Breakfast on Christmas morning evokes a flood of memories for most people – and some of Charlotte's best chefs are no exception.
While some see sausage and cinnamon buns in their minds’ eyes, a different image springs to the mind of Ben Philpott, executive chef at Café Monte: Oyster stew with cheese pie and runny scrambled eggs. Philpott's grandfather would make this specialty on Christmas morning and he remembers as a young boy “dredging icky oyster stew and gross mushy eggs.”
Philpott didn't want to eat the dish – except for the cheese pie – but his family had a rule and he was always presented with a “no thank you helping,” which meant a small portion that had to be finished before presents could be opened. As he grew older, Philpott says he grew to love that oyster stew with the runny eggs – and he still always looked forward to the cheese pie.
Growing up in Wyomissing, Pa., Jon Fortes, executive chef at Mimosa Grill, helped to prepare the holiday breakfast his family would enjoy. He and his sister would stay up late Christmas Eve, with Fortes making croissants and his sister making pecan rolls. They woke their family with the smell of fresh-baked items, he says, “and of course me pounding on their doors to wake up!”
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Thomas Kerns, executive chef of Terrace Cafe, says his personal favorite Christmas breakfast is something his mother called “Mixed Eggs.”
Basically, he says, it's three-minute eggs removed from the shell and placed in a large cereal bowl along with slices of buttered toast cut into one-inch pieces and large slices of thick bacon mixed all together. Kerns isn't sure why he liked this dish so much as a child, but he appreciates it very much as an adult, because it's not so easy to prepare. “For instance, usually the eggs break, you burn your hands or you get shells in it,” he says.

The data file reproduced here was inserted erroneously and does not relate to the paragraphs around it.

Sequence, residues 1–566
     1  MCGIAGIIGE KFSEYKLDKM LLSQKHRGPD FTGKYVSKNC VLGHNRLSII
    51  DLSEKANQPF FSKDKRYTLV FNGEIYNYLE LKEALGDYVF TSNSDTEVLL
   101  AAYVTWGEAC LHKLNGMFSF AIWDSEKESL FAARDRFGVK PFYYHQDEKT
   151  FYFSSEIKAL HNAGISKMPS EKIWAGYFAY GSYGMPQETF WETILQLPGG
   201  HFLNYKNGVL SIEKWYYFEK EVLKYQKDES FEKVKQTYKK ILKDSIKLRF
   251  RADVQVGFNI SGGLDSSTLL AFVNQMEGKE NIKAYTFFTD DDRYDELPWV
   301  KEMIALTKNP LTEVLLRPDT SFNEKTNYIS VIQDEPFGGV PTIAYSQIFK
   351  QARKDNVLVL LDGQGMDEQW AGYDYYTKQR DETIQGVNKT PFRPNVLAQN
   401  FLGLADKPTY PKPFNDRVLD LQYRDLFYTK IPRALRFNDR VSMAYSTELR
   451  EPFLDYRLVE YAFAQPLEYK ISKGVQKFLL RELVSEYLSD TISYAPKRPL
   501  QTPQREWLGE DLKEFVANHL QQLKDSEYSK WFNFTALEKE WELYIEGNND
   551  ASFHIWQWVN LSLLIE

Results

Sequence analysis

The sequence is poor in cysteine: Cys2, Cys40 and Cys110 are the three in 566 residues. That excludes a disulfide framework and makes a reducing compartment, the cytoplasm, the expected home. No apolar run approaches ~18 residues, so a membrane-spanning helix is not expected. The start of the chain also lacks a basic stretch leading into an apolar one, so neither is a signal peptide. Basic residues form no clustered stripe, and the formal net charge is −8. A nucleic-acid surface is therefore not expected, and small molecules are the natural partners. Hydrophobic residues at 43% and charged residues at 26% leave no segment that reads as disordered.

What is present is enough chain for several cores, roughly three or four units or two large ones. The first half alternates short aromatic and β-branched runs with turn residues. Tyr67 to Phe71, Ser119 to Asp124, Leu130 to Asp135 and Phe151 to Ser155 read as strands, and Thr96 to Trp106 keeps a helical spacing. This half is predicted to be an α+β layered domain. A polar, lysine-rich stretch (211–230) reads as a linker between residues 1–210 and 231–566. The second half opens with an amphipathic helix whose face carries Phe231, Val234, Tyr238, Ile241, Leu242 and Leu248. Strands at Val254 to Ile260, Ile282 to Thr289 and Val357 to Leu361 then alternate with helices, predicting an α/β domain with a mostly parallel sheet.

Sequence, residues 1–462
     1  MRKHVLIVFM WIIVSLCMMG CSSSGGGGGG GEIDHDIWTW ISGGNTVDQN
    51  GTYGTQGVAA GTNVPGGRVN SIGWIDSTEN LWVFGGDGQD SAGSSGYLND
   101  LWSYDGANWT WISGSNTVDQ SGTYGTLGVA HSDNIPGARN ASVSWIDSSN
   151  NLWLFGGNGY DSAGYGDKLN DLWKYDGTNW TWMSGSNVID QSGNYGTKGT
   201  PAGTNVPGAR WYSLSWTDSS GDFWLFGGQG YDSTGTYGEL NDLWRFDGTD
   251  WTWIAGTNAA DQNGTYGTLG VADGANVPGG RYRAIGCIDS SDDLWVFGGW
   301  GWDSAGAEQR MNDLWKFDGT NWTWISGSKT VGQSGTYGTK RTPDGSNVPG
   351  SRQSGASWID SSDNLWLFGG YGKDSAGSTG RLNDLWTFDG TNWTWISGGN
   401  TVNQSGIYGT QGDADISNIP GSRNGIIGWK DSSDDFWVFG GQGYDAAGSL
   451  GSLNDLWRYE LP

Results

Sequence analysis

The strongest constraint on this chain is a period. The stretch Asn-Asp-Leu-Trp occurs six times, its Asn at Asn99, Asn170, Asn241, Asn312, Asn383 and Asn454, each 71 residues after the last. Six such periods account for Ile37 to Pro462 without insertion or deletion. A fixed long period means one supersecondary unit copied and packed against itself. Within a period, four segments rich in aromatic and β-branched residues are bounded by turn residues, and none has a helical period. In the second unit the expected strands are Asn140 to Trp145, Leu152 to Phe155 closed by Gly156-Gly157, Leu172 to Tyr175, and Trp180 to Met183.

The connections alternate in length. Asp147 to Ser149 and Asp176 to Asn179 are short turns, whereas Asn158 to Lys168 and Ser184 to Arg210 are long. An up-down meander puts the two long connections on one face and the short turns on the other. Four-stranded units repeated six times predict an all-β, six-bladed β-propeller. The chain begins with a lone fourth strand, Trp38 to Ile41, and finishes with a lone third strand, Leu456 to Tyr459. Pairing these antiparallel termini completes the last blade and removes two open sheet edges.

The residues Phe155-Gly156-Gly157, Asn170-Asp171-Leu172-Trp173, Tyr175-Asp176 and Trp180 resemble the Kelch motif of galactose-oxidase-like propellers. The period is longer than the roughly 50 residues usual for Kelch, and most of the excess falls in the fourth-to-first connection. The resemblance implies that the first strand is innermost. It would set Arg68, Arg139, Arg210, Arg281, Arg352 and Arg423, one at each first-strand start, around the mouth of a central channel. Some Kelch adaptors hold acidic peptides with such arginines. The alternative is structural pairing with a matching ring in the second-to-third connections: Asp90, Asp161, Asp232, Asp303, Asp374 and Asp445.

Kerns, who grew up in Charlotte, says his family would go to Midnight Mass on Christmas Eve and come home to open gifts instead of waiting for Christmas morning. That way, they wouldn't rush to get up on Christmas morning – since sleeping in was a present in itself for Kerns' mother.
His mom would make the family a huge breakfast, including scrambled eggs, grits, hash browns, bacon, ham and biscuits. “She didn't hold anything back,” Kerns says.
For his family now, though, “to serve more than one dish on Christmas morning, forget about it!” His family has continued some traditions, however. “Even now, we still open gifts up at midnight, and my wife has really come to love this different way our family celebrates Christmas,” he says.
Jim Noble, considered a pioneer of New Southern cuisine at places including The King's Kitchen, Rooster's Wood Fired Kitchen, Noble's Restaurant and Noble's Grille, says that growing up in High Point, “my Dad’s mom, Granny Noble (Alice), used to do hand rolled biscuits, the likes of which I have tried to replicate since my childhood.”
Before his father passed away in 1990, he would buy six to eight country hams every year from the North Wilkesboro/Jefferson area, bring them home and hang them in the basement where they stayed cool. The family would have them sliced and cook country ham and red-eye gravy.
One of the dishes Noble's family makes now for Christmas morning is a sausage and egg casserole with farm-fresh eggs and sausage from Corriher's of China Grove.
For a stress-free Christmas morning, Noble advises home cooks to prep what they can the day before – particularly the sausage casserole – and then bake it on Christmas Day. “Take your time and enjoy the morning,” he says.